A client of Tony Fretton’s practice recently remarked, in astonishment, about the thoroughness of their work, the attention to detail, exemplified by the time spent identifying the correct tap for a public washroom.
This consciousness of the minutiae, the awareness of the total experience of the building’s user, combined with an astute, is not austere, architectural brain, has gained Tony Fretton huge respect among his peers.
Established in 1982, surprisingly it has taken the Tony Fretton Practice over twenty years to break through into the establishment mainstream, winning the competition to design the new British Embassy in Poland earlier this year.
In his talk to Art & Architecture as part of Architecture Week 2003, Tony Fretton concentrated on his work with art spaces; most famously for the Lisson Gallery in London, but also for Artsway in Hampshire and Faith House in Dorset.
Fretton’s personal history as a performance artist, following several years working for large commercial architectural practices, has provided a key source in developing his approach to these projects, an understanding of how space operates, both as an artist and as a viewer.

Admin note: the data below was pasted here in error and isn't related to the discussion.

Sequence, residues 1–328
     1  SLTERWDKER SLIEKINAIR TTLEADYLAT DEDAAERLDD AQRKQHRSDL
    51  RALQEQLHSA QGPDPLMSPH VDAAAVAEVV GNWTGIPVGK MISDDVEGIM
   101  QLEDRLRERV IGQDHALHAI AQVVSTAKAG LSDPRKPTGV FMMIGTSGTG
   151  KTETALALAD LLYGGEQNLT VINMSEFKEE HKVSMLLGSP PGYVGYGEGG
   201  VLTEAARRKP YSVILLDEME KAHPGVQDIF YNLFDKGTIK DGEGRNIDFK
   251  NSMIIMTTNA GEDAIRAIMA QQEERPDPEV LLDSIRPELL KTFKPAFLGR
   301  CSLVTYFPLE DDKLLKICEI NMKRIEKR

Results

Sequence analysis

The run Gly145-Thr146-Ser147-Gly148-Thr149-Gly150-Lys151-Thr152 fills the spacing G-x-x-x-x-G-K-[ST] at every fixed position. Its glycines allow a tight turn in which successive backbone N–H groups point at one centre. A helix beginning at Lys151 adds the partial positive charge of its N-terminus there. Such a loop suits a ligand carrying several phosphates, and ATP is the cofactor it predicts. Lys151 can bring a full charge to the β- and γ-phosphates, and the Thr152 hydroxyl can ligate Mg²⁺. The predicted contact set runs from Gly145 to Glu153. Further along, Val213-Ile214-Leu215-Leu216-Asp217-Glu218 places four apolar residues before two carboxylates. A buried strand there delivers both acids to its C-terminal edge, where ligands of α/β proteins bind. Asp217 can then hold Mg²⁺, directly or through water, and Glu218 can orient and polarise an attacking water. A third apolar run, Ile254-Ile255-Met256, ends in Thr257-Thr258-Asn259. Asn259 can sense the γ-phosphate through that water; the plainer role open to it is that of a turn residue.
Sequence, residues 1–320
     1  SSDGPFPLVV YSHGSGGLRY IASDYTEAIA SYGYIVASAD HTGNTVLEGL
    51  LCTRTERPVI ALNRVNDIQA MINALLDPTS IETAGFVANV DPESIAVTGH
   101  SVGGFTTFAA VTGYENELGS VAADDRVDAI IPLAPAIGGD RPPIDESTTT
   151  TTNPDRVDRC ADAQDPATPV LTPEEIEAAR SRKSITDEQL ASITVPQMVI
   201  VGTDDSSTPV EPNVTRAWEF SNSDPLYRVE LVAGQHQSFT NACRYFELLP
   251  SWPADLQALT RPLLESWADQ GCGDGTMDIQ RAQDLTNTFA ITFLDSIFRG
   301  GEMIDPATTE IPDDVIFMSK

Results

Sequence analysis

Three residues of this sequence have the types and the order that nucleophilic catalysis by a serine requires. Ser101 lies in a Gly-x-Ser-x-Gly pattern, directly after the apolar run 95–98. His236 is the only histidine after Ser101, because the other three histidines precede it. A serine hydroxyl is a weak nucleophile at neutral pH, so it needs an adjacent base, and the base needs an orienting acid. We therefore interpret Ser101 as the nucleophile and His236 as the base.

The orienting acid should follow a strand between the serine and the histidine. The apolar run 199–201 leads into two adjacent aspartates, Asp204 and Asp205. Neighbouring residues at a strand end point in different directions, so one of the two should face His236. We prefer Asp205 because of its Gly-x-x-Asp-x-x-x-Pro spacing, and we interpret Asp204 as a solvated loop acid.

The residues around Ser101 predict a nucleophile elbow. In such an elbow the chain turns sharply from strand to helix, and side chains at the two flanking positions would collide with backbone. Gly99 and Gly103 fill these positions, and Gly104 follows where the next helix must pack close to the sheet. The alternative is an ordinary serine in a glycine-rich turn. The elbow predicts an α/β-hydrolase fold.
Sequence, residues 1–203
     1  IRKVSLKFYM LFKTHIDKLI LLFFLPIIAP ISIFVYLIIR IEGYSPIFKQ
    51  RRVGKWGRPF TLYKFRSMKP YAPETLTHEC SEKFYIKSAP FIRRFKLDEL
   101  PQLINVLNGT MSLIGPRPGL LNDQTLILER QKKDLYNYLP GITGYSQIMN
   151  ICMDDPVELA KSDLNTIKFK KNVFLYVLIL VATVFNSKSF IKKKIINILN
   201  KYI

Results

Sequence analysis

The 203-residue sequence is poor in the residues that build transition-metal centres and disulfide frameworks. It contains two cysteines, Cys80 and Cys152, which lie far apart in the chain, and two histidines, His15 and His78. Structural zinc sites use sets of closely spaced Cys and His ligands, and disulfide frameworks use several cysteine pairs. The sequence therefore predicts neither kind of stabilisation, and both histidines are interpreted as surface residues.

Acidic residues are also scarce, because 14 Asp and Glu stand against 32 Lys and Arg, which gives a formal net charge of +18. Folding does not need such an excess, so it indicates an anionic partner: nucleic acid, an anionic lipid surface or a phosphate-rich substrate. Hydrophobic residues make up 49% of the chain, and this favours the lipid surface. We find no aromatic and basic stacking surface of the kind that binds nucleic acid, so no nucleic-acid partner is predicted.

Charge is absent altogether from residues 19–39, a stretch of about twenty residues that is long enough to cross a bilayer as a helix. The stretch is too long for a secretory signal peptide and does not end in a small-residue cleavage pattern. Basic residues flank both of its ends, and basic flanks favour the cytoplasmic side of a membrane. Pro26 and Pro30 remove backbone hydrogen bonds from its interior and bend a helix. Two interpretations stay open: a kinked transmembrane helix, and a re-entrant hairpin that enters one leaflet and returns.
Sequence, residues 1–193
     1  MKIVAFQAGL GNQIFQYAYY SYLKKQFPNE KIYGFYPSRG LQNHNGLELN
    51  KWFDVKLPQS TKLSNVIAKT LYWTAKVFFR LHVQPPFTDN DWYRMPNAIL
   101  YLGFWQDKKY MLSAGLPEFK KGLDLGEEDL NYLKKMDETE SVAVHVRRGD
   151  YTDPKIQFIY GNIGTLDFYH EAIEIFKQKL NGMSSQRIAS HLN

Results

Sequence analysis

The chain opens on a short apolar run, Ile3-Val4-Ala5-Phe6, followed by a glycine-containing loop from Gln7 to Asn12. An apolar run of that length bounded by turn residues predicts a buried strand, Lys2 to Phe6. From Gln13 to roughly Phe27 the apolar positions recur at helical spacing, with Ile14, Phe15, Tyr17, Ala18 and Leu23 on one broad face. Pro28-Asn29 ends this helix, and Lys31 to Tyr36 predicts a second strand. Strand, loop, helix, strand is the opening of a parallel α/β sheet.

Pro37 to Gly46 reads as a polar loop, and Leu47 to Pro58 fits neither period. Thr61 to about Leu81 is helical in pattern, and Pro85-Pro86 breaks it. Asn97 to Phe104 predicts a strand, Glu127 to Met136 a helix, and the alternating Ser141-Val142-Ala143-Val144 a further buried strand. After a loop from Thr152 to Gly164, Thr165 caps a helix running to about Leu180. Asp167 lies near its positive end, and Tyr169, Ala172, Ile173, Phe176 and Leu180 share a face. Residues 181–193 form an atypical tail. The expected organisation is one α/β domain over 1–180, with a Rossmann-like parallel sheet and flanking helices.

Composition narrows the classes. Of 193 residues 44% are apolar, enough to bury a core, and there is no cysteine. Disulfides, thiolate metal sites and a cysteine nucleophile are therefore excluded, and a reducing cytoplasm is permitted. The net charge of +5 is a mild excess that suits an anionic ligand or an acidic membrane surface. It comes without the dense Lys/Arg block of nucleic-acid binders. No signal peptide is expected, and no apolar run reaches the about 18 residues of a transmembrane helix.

His background, and the influence of conceptual artists such as Don Judd and Sol le Witt, has led to a generosity in his collaborations with artists, as demonstrated by the input of artist Mark Pilmott at Fretton’s House for an Art Collector in Chelsea, where Pilmott provided ‘the art as décor’. “Working with artists and curators has influenced all his work”, Fretton states.
Artists and Architects explore similar concerns. Architecture, Fretton suggests, is better when other voices are in it, though he quickly adds the rider that the architect “has to run faster than everyone else” to keep ahead.
Fretton identifies the tension between creating art spaces which “are evidently real, with character, whilst remaining open to interpretation” as a motivation of his work, referring to the Tate Modern as an exemplar. When adapting or enlarging existing buildings, the aim was to retain the magic, the specialness of the original (a reflection that highlights the lack of new-build in the provision of UK art spaces).
His work at Artsway in the New Forest, financed by an early lottery award when the Lottery was “doing really good things for the arts. Like pouring water on a desert, the slightest drop of water, the desert blooms”, he turned an artist’s studio into an art centre with a £300,000 grant, which, at the time, “seemed an enormity”.
At Artsway he wanted to achieve a building that had a dual message; a casual space for the artists to make and exhibit their work, and a building which had an ambiguity and openness to it. The car park, carved out of a field, doubles as a performance space as the external walls open out. “Small experiences of privacy” are contrasted with transparent public areas.